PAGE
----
All three rooms have ceiling roses which were a decorative but practical feature to protect the ceiling from heat and marks caused by candle light. The candelabra (pic 3) are actually wooden, originally made to hold candles they were adjusted at some point to take electricity, the rooms also have elaborate cornicing and very tall Georgian skirting boards, much higher than we normally have today. In the library and lounge there are french windows leading out to the garden and fortunately they retain their original shutters. Although they were nailed back when the house was converted into a hotel in 1960 they are so big and heavy it was probably too much trouble to take them down, so they are now used again for their original purpose of insulation and protection.

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The bedrooms on the first floor have sea views and all the decorative features of downstairs but on a smaller scale, the ground floor was for impressing guests, the first for the comfort of the family. It is interesting to note that the second floor has 10 rooms, apart from the two main bedrooms all of a quite modest size and only one bathroom. Presumably the main bedrooms had a dressing room attached but we don’t know why a further 6 were needed. All these small bedrooms no doubt came in handy when Elizabeth Harris moved out during WW2 so that the house could be used by evacuees, they were also just the right size to convert into ensuite bathrooms a bit later on.

The exception to this is what we believe to be the Butler’s or Housekeeper’s room. This room is quite large and overlooks the front of the house and the servants entrance at the side. It has two doors, one leading to the main hall and another leading to the top floor, perfectly situated for keeping an eye on the needs of the Family while also observing the comings and goings of the servants. Another clue is that it also has a very impressive fireplace, one of the perks of the job.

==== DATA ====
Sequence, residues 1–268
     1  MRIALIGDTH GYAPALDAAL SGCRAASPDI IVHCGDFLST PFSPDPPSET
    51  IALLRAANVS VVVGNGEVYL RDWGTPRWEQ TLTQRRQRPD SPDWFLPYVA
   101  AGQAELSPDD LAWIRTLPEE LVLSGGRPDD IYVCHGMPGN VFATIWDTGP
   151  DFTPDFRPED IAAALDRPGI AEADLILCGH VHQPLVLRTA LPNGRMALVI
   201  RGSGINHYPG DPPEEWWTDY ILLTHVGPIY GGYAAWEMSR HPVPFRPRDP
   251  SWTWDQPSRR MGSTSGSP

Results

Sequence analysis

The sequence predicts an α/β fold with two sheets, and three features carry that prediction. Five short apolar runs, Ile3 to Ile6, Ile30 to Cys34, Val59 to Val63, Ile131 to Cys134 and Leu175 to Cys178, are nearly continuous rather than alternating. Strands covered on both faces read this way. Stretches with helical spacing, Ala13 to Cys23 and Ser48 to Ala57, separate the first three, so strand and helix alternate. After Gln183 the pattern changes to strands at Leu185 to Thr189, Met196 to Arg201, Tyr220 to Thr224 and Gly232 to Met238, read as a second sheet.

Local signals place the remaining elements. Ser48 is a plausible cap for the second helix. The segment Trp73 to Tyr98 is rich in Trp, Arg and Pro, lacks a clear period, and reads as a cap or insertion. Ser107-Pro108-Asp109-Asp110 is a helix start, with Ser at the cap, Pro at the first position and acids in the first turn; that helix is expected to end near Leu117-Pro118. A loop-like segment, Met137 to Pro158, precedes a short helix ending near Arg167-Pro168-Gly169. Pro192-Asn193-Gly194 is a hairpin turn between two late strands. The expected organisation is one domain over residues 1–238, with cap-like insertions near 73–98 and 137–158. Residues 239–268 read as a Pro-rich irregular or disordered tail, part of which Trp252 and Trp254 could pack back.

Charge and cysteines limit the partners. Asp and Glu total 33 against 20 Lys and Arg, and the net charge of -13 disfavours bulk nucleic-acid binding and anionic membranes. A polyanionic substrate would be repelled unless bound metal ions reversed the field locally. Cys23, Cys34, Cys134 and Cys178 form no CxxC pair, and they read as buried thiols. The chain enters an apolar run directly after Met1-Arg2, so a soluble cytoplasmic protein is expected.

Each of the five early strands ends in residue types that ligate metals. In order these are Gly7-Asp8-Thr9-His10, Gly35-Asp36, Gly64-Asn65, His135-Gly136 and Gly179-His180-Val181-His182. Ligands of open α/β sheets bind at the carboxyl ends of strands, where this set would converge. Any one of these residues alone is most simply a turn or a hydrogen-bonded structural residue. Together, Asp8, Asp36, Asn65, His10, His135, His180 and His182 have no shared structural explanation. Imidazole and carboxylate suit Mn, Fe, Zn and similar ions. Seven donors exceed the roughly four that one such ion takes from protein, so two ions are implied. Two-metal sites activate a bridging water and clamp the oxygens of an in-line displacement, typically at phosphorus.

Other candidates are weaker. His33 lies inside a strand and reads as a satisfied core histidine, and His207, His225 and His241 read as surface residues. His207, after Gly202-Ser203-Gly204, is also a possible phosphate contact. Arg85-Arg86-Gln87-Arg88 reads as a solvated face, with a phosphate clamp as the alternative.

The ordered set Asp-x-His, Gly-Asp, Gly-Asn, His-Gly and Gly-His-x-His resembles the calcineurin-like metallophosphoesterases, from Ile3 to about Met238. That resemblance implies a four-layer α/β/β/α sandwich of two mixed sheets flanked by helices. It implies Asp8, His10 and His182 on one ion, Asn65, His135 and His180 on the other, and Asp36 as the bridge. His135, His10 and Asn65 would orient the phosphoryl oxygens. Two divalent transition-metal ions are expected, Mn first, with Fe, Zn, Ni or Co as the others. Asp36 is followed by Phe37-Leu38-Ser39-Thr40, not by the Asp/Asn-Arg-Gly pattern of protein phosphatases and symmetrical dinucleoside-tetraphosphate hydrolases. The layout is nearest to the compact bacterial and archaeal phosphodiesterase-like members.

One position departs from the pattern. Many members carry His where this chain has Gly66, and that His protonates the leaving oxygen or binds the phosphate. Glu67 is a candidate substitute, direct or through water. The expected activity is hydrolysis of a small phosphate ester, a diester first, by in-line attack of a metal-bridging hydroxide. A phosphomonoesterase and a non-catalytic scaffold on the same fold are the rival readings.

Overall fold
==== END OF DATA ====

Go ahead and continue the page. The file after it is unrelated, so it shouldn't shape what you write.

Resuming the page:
The top floor has much smaller rooms and few architectural features or fires, although the census of the times do not show the house having many live in servants this is probably where they slept.

The basement runs the whole length of the main floor, it contains, of course, a very large kitchen, two wine cellars, four other work rooms and a larder with its original stone shelves and hooks for hanging game. The whole of the floor is tiled in stone flags, currently very fashionable but in practice very uncomfortable underfoot, pity the poor servants walking on that without the benefit of modern cushioned trainers! There is a dumb waiter which is still in perfect working order which was used to send food upstairs to the ‘still room’ a room set aside for final preparations and keeping food warm until it needed to be served. Clearly it took a lot of space and servants to keep a house like this running.

On Elizabeth Harris’ death the house was left to a nephew who promptly sold it to British Land who blocked up the fireplaces, added some fitted wardrobes and put sinks to all of the rooms, fortunately all easily reversible, and turned it into a hotel.

teignmouth regency theatre


About us

Woodlands is a grade II listed Regency house filled with charm and character. The house has an unusual, curved front with many original features still in place including an elegant central staircase, and it is situated in an extensive garden with rolling lawns and ancient trees. We offer extensive secure off-road parking.

We have two large en-suite bedrooms on offer, both of which have stunning views of Teignmouth and the sea. Guests are also welcome to enjoy our lounge, conservatory and spacious veranda which also overlook the garden and the sea.